I had a flashback to this clip from Monty Python and the Holy Grail for some reason …
Archive for February, 2014
From Athens to Florence
During our last meeting we began to address the generic differences between the works by Sophocles, Thucydides, and Boccaccio, especially the differences between theater and novella (though we should think about the difference between history and either of the other genres too). All three genres involve storytelling of sorts, but it will benefit us to think about how those stories were designed to circulate and why. What characterizes each genre when it comes to telling its particular story or set of stories?
If you read the introductory material to Oedipus or poked around a little on the web, you’ve probably started to get a sense of how Athenian theater worked. For one thing, it anticipated its audience members were citizens who would be involved in direct deliberation of public policy. (What role does deliberation play in this tragedy?) Greek theater developed at the same moment as political democracy, philosophical thought, classical architecture. There’s an emphasis in the play — and in the very dramatic form — on civic life: theater is central to political culture. A Greek theater could seat 14-15K spectators. (The ruins of the Theater of Dionysus are shown at the left.) Playwrights wrote for contests that coincided with religious festivals. The chorus was a theatrical innovation that incorporated older forms of song and dance into the theater. One of Sophocles’ chief innovations as a playwright was the move beyond two actors, making the relationship among characters the thing that drives the play, and making the chorus recede into role of commentators who to some degree perform as surrogates of the audience. With this in mind, note how the chorus seems to go back and forth in this play as more and more evidence is presented. Where do they ultimately fall?
How does the literary landscape shift by the time we get to Boccaccio? The Decameron is about storytelling, and the effects of storytelling, to be sure, but it’s also about reading stories about storytelling. Its immediate concerns are the effects of storytelling (the brigata retreats to the countryside in order to provide therapeutic conversation for one another) but those oral performances are represented in print, in short episodes or novellas, a collection of stories that almost resemble what would become the novel. Note that Boccaccio directly addresses a female reading public at the outset and imagines women reading as they spend time in relative confinement. This invocation — and the predominance of female characters — will give us a good inroad to discuss the role of gender and gendered bodies in the selections you’ve read and will continue to read this semester.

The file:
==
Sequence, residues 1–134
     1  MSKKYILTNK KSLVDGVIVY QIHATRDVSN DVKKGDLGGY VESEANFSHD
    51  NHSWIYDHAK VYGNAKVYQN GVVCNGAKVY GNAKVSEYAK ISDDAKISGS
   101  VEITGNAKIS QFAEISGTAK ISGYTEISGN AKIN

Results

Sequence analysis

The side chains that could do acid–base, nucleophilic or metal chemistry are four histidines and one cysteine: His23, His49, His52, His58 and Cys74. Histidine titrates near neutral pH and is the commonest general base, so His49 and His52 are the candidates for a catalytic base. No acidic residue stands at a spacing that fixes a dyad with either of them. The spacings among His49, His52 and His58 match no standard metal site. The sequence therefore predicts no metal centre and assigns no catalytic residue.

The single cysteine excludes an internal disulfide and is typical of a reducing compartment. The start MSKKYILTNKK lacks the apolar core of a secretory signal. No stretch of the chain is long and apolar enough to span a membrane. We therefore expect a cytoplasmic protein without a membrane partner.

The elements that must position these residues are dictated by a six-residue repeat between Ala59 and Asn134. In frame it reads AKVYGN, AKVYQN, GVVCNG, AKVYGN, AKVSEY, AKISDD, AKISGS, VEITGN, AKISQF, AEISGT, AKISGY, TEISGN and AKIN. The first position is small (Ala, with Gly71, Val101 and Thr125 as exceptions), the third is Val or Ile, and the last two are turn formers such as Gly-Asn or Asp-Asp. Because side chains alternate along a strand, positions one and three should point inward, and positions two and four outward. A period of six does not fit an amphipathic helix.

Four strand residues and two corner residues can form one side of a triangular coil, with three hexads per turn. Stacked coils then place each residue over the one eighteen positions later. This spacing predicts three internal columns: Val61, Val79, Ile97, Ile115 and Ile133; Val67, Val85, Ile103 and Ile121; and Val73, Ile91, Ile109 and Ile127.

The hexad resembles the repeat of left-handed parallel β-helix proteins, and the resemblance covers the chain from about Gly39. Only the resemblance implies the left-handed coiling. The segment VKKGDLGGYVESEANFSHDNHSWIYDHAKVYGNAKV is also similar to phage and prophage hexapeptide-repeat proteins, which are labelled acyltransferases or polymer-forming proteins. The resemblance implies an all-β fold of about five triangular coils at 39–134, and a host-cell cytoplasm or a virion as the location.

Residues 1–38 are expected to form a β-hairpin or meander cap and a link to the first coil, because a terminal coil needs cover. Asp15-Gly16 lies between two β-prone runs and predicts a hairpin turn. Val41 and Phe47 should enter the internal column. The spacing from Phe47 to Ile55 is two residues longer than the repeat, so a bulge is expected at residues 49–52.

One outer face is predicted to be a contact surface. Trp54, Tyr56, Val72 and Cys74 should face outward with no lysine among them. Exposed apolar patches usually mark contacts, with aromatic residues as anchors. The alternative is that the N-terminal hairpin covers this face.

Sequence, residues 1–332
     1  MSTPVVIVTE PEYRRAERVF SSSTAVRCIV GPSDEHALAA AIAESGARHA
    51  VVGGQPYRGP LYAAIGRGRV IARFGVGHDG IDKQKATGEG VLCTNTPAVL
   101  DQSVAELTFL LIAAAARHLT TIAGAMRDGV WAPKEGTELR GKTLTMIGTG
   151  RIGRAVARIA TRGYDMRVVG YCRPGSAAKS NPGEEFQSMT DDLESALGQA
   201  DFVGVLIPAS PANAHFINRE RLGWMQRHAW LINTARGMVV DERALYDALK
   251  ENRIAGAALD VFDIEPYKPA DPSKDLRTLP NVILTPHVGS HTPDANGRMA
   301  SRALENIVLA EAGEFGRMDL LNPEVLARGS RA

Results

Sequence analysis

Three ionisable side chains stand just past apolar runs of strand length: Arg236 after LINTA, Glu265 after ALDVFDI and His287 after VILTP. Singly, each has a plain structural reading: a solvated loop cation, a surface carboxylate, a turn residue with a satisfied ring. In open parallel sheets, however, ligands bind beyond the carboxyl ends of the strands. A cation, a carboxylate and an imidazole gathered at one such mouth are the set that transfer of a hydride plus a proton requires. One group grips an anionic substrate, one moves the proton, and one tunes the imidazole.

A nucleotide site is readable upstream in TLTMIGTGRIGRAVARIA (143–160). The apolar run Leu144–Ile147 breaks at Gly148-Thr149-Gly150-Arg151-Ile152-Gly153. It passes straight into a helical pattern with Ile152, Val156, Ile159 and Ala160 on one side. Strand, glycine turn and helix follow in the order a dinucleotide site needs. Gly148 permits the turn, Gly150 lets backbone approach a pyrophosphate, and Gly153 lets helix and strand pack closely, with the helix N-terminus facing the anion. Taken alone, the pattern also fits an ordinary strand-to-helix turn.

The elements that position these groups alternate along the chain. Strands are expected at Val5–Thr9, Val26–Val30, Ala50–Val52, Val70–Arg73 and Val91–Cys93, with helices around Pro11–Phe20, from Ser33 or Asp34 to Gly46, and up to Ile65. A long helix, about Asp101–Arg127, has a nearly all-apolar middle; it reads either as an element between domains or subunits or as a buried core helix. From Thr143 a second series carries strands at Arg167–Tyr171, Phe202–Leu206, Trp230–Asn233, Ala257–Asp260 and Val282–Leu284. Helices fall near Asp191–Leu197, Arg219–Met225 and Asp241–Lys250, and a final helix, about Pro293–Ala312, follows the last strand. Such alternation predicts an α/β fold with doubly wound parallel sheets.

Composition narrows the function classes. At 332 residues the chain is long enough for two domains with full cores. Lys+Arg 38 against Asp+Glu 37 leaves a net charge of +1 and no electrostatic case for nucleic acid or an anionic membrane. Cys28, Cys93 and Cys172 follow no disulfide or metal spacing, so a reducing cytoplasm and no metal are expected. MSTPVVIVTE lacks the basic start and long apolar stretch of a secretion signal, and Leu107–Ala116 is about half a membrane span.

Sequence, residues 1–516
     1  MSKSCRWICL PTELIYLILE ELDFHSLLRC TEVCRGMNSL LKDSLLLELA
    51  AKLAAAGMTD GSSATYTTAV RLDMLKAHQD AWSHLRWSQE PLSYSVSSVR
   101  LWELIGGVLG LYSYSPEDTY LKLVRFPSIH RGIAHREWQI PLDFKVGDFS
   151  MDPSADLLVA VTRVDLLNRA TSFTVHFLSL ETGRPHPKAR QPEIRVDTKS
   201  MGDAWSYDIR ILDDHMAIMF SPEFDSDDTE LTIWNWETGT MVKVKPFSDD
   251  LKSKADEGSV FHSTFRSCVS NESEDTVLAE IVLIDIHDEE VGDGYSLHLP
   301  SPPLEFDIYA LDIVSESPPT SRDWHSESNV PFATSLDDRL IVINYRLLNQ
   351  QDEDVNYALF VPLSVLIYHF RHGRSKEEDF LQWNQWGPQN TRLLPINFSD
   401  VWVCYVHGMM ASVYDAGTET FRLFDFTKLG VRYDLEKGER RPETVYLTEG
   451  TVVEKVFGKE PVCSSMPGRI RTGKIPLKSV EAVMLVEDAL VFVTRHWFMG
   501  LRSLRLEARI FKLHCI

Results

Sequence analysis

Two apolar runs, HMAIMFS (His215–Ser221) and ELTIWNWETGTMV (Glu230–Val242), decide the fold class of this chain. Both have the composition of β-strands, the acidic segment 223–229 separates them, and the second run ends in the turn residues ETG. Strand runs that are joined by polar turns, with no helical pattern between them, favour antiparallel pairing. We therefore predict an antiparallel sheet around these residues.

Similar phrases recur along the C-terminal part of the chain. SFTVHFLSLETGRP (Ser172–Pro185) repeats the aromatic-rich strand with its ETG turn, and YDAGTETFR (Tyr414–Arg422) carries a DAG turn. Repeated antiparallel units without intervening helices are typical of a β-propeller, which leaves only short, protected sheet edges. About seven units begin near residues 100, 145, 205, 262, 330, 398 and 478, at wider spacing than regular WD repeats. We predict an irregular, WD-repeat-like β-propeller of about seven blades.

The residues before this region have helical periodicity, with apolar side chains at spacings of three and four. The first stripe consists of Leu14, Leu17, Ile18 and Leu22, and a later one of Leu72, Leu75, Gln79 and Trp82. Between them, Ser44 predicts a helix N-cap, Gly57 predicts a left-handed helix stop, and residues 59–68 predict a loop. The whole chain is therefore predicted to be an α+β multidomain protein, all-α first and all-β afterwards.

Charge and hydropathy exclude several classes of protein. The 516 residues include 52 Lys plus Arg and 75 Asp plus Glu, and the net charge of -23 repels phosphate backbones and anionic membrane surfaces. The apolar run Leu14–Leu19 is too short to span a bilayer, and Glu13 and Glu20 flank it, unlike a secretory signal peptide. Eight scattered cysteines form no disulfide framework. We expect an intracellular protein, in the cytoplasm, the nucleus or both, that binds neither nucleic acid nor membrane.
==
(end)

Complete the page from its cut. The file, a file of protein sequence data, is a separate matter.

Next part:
What all these works share, however, is a knowledge that their immediate audiences would have an intimate familiarity with plague. Sophocles’ plague at Thebes reminds audiences of the plague in Athens. Boccaccio’s readers, like his characters — and like Thucydides — would also have been plague survivors. What impact do you imagine that immediate experience would have had on the first audiences to encounter these works?
On the topic of therapeutic reading, see the earlier Convener’s Post on The Decameron.
Image above via Wikipedia Commons.
A Plague at Thebes
In a convener’s post for Oedipus the King I wrote for Contagion 2012, I mentioned a strain of recent scholarship on Sophocles’ play that takes the plague setting seriously:
After all, the assumption on scholars’ parts has long been that Sophocles introduced an epidemic as the setting for his version of the Oedipus myth because Athens had so recently suffered from plague (as recounted in the brief excerpt you’ve read from Thucydides). With mass deaths so fresh on their minds, these critics ask, wouldn’t Sophocles and his audience have understood the plague to be an actual fact of life rather than a literary symbol? If this set of questions interests you, I’d point you in the direction of this recent book by Robin Mitchell-Boyask, a classicist at Temple University in Philadelphia. You might also want to check out an even more recent article, written by a team at the University of Athens Medical School. It appeared this year in the journal Emerging Infectious Diseases, published by the Center for Disease Control in the United States, and “adopt[s] a critical approach to Oedipus Rex in analyzing the literary description of the disease, unraveling its clinical features” to conclude that “this epidemic was an actual event, possibly caused by Brucella abortus.”
As I noted in that post, part of the reason we read this play at the beginning of this course is to consider just how long the question of plague as metaphor has been around, but also to ask whether the literal and figurative registers are as separate or opposed as we commonly take them. Do you see compelling reasons to side one way or another on the issue? Are both views valid? And how might this set of questions force us to think even more carefully about the relationship between sickness or medicine and language in general?
As may be apparent by the juxtaposition on the syllabus of Sophocles’ play against Thucydides’ description of the Plague of Athens, we’ll be talking over the next little while about the significance of genre here. Sophocles is writing a play; Thucydides is writing a history. How does the plague figure into each? How does each author represent it? And how might each work help us consider further the question we raised during our initial discussion: whether it’s possible to write about disease in language that doesn’t trade in metaphor of some sort.
Image above taken from The Most Favoured by the Gods, a comics adaptation of Oedipus the King by Christopher Brawn.